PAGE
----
A Somali man wrongfully convicted in the Mogadishu murder of RAI reporter Ilaria Alpi and her cameraman Milan Hrovatin on Friday got three million euros in compensation for his almost 17 years in jail. Hashi Omar Hassan received 3.181 million euros in a ruling from the Perugia appeals court.
In October 2016 a Perugia court reversed the conviction of Hassan for the 1994 murder of Alpi and Hrovatin in the Somali capital.
Prosecutor Dario Razzi told the court Hassan “did not commit” the crime he served more than 16 years in jail for.
He was the only person convicted of the murders.
Alpi, 32, and Hrovatin, 45, were ambushed and shot in their jeep in Mogadishu by a seven-man commando on March 20, 1994.
Initially, it was thought that the journalist was murdered in revenge for clashes which had broken out between the militias of Somalia’s warlords and Italian peacekeepers.
But a 1999 book by Alpi’s parents called The Execution alleged that Alpi and Hrovatin were killed to stop them revealing what they knew about an international arms and toxic-waste ring implicating high-level political, military and economic figures in both countries.
The book accuses the Italian secret services of playing a major role in this ring.
In 2015 Ahmed Ali Rage, who was also known as Gelle and who was a key witness for the prosecution in the trial that led to the conviction, said that Hassan was “innocent”.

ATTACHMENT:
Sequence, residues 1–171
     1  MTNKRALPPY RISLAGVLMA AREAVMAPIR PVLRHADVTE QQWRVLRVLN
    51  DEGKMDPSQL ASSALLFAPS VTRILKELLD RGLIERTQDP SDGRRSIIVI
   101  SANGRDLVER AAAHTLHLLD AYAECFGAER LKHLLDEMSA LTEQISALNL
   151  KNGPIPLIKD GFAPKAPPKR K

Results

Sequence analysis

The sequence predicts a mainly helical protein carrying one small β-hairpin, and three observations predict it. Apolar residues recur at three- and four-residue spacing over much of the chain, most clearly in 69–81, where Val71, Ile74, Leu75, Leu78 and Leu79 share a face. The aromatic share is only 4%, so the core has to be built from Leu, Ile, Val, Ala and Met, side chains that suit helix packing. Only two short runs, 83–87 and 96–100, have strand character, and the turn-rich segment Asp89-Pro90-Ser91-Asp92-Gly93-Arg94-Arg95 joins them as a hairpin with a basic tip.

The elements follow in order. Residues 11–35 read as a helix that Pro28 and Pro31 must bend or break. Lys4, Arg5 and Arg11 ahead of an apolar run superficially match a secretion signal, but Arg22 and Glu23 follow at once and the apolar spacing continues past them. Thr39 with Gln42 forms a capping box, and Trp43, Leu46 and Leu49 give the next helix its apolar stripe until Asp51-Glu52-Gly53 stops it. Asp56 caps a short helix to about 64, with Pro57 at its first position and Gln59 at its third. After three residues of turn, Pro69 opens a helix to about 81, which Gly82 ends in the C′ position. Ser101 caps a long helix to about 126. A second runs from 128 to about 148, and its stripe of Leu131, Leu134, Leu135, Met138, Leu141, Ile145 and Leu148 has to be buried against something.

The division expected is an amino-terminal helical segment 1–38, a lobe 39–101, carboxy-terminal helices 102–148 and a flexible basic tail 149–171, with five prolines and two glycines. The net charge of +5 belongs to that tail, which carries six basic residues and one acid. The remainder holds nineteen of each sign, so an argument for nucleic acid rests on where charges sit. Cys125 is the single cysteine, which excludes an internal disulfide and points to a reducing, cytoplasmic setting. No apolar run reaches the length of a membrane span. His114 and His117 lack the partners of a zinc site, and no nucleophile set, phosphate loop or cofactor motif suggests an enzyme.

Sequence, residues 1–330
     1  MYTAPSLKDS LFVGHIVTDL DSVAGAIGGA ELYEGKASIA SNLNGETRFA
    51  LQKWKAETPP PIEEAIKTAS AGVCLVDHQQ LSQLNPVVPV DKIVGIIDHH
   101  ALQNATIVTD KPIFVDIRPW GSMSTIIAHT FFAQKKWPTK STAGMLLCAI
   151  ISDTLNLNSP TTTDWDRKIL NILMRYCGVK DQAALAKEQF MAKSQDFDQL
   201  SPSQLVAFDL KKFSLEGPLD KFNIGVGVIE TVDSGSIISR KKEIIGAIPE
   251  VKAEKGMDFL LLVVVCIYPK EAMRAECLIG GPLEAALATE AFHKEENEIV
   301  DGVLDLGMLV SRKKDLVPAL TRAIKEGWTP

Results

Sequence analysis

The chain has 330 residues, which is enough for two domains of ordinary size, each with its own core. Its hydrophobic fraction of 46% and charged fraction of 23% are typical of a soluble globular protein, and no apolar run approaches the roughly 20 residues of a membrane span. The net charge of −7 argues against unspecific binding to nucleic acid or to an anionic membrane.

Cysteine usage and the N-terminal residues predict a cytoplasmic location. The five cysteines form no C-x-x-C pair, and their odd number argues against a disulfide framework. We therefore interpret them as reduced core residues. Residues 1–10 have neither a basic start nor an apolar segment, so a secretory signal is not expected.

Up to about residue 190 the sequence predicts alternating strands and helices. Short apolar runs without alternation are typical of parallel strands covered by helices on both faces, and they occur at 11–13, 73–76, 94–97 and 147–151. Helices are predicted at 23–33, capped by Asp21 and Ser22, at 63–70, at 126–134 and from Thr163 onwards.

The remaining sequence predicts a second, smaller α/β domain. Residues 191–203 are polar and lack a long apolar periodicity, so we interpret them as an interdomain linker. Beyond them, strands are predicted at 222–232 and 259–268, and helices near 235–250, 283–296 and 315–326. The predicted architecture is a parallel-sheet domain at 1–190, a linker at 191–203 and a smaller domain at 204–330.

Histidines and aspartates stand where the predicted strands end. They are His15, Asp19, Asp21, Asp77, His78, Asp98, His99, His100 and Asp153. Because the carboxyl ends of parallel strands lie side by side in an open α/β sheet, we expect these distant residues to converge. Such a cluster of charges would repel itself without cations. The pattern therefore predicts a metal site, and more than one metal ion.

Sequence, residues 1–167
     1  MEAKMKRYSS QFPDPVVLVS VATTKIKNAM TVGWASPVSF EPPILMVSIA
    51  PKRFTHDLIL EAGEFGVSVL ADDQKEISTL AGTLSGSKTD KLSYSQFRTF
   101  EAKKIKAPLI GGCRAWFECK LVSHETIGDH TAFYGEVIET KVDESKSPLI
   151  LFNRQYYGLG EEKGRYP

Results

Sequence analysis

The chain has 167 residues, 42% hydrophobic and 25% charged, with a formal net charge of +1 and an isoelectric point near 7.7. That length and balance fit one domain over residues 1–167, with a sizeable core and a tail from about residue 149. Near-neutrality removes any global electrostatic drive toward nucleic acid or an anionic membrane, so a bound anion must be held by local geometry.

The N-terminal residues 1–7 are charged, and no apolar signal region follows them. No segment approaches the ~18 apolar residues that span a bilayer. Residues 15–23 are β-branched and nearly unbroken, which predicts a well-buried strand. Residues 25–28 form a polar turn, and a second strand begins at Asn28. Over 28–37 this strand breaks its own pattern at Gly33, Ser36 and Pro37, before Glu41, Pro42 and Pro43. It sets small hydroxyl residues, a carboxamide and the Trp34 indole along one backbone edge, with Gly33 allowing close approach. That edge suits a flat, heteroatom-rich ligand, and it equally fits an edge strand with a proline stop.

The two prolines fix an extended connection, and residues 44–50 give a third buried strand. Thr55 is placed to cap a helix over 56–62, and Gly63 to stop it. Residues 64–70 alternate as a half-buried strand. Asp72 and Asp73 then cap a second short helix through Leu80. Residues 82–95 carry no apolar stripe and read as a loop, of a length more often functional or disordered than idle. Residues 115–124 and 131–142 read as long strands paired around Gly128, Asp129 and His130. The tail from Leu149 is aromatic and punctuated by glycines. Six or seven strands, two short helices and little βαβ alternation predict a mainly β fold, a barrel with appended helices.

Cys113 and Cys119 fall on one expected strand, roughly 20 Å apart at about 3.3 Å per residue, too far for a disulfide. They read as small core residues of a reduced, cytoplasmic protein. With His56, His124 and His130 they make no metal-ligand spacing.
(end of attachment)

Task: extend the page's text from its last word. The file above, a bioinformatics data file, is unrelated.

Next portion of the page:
Rage told a new trial that he “never told anyone” Hassan was part of the murder commando. Hassan was released into the custody of social services in 2015 with 10 years to go on his 26-year sentence.
“Thank God it’s over,” said Hassan at the time.
Alpi’s mother Luciana, who backed Hassan’s battle against the miscarriage of justice, said that she was “happy” Hassan had been cleared, but added that she was “bitter and depressed” that the real culprits had not been brought to justice.
“It’s as if she and Miran Hrovatin died of the heat in Mogadishu,” Luciana Alpi told ANSA. “We don’t have the truth and I don’t think we ever will”.
Photos taken of the dead body of Alpi, who worked for public broadcaster RAI’s third channel, and a medical report on the deaths, along with other key evidence including Alpi’s notes, camera and video cassettes, mysteriously went missing on the journey back from Africa to Italy, fuelling suspicions of a cover-up.
Speaking to RAI Channel 3, Rage in February 2015 claimed that he was asked to testify against Hassan.
“I did not see who fired the shots,” he reportedly told RAI 3.
According to the Italian diplomat who investigated the case in Somalia, former ambassador Giuseppe Cassini, the driver who acted as a key witness for the prosecution was “an unreliable individual who would do anything to survive”.
Hassan, who travelled to Italy in 1998 to give evidence in a probe into brutality by Italian soldiers, was acquitted of involvement in the two murders at the end of a first trial in July 1999.
But he was found guilty by an appeals court in 2000 and sentenced to life in prison.
Italy’s supreme Cassation Court upheld the guilty verdict in October 2001 but reduced the sentence from life to 26 years because it said the crimes were not premeditated.
Hassan’s lawyers said he was not in Mogadishu at the time of the killing and was tricked into coming to Italy.